I do not get enough chances to blog. I thought it would be easier, but the reality is, time slips by at a pace that is stunning.
I brace myself for the week ahead and think that there are a few decent issues for a blog - and then the week is gone, the events are history and my thoughts are irrelevant.
This weekend, I am bracing myself for one of the more challenging election weekends. France has the parliamentary elections. The Greek population return to the polls to try and decide on a national government. This might be a weekend of highs and lows for the respective Greens but, regardless, it will be a thrilling weekend. My money, for excitement, is on Greece.
Frankly, I do not think this is a near-referendum on the future of the European Union, Eurozone, or the Euro currency. Stakes that high do not ride on mixed issues - this is a national election, for a government. It is not a referendum on the Euro et al.
Someone will have to blink. I think both sides. The Greek government cannot simply refuse to pay and expect to simply walk away. But the Euro side will have to relent and find a solution that will not mean generations of austerity and a national destruction.
The Green European Foundation published something today... a meander across the Greek situation and how badly it will hurt the Greens. But they managed, yet again, to present the Green solution. Well, the Green strategy for how to address the issue.
"What we need to do is to stop the blame game within the European Union, to stop focusing on numbers and statistics and to start paying visits to poverty-hit areas throughout our Union, to stop adding more austerity measures and come up with a plan that can revitalise our common vision. The road ahead is not paved with roses, but hey, did anyone say we Greens in Greece or elsewhere are made for the easy?"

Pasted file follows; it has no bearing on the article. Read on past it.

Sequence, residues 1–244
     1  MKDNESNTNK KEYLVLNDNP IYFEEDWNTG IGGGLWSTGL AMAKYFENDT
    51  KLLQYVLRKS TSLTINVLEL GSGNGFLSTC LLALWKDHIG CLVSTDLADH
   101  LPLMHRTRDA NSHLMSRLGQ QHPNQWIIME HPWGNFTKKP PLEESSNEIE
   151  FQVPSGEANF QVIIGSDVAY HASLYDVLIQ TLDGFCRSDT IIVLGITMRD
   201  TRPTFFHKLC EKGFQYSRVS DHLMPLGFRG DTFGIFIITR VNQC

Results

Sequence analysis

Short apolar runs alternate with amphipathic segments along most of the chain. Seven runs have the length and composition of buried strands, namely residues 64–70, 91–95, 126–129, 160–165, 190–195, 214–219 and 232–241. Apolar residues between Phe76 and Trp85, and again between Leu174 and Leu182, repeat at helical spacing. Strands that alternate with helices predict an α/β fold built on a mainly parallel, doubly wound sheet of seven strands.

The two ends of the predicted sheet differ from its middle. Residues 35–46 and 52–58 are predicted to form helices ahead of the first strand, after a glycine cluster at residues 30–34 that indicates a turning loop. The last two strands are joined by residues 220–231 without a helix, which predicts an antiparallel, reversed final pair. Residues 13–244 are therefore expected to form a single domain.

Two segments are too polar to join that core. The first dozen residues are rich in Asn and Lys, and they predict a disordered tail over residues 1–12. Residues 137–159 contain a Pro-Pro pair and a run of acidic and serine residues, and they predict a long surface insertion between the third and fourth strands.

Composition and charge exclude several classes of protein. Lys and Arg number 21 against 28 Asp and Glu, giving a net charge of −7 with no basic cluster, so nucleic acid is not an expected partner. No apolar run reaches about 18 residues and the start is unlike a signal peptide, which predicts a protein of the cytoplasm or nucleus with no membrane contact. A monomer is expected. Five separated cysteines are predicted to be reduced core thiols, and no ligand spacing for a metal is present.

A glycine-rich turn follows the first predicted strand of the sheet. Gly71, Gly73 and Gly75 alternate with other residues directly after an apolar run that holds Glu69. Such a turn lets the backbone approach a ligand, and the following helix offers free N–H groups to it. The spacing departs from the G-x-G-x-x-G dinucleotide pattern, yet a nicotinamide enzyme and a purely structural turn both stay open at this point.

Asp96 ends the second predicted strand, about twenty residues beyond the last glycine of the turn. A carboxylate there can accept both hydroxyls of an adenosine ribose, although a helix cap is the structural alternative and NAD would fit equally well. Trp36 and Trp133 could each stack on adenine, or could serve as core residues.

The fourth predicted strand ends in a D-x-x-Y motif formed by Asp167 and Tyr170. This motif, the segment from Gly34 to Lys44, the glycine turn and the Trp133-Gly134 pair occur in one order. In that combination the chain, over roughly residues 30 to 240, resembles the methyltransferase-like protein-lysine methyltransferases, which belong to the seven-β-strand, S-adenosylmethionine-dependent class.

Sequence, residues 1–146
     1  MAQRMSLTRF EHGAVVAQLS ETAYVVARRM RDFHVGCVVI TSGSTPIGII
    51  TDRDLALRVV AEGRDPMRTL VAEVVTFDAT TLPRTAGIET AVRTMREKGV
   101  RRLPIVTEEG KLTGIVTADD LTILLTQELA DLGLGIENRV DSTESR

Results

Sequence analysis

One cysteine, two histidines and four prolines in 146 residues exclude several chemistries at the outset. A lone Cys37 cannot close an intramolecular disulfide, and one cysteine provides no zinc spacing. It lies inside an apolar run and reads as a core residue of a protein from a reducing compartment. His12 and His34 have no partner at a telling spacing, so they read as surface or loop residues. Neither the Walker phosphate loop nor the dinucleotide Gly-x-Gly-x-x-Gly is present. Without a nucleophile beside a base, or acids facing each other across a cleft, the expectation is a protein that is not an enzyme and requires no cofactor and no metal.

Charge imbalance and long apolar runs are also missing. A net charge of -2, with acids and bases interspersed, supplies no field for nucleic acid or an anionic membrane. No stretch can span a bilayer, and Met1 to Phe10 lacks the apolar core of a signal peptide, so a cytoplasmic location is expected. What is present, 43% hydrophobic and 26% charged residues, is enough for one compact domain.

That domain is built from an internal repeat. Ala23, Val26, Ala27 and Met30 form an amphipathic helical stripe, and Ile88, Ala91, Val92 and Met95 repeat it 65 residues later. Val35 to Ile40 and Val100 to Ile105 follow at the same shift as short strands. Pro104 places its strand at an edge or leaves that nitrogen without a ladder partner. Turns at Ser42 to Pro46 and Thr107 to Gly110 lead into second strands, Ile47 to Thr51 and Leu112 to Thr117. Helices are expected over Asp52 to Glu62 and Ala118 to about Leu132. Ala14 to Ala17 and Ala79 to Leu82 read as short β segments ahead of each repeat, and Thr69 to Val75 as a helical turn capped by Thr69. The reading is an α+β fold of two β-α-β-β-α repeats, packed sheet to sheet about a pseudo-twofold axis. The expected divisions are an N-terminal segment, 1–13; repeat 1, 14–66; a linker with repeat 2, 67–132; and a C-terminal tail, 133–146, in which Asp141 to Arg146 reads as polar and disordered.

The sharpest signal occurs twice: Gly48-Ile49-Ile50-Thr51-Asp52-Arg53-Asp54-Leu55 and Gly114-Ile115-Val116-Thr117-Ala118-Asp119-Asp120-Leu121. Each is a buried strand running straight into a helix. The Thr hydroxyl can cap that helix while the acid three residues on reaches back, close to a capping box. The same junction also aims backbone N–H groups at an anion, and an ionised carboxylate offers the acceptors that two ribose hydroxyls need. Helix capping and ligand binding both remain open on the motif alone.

Read the entire article here...
Read the entire article here...
This is something that I can stand by. There is no quick fix, but the thinking is, work to solve the problem, not apportion blame. We need to solve the problem, not punish. Of course there have to be corrections and repairs so this is less likely to happen again.
While I think there have to be corrections and repairs, as if that is obvious, is slightly dumbfounding. The banks talk as if they have recovery in hand, and that is all that matters. The people they have pushed beyond their limits, far from 'recovered'. But while the banks are heading to recovery, the rest of us are still looking at punishment.
And if I am going to mention punishment, I still wonder why the banks have escaped any real blame. Oh, there has been a public outcry and spokespeople have said stern words to bankers and financiers. And then they were given wheelbarrows of cash. Truckloads. Lots of truckloads. Did not see a truckload of punishment.
But have seen loads of punishment lashed out at the individual. And the punishment is still going on.
Banks borrowed with no limit, no sense of control. Everything was justified in pursuit of short-term wealth. This money was offered to the general public at rates that could not have made sense, but the public were sold a bill of goods. And you can say whatever you want about the small print and what they signed and I will always look past the sheet of paper at the people who wrote the contract and put the paper in on the table. The ones with everyday exposure to finances and risks. The ones with degrees in banking and finance. The ones who set up this disaster.
These people knew there was too much money being borrowed, that levels had been surpassed, that this was pure financial brinkmanship.
And now the people are paying the cost.
And if anyone believes this is the exclusive fault of the Greek bankers, then I have a bridge in Brooklyn I want to sell you.
Now this is a blog and this is my personal opinion. That said, I was in Ireland in the week leading up to the austerity referendum and I would have cast a 'No' vote. I watch Greece and, keeping the issue simple, I will watch for a coalition design that will press back against the Euro austerity package and look for a way that Europe can grow its way out of this situation.
Punishment has been meted out and blame cast (even if not accurately). But now it is time to stop the blame game and design a recovery that extends beyond threats, intimidation and games of chicken.
But this weekend, I will be Googling Greece and France and watching the developments.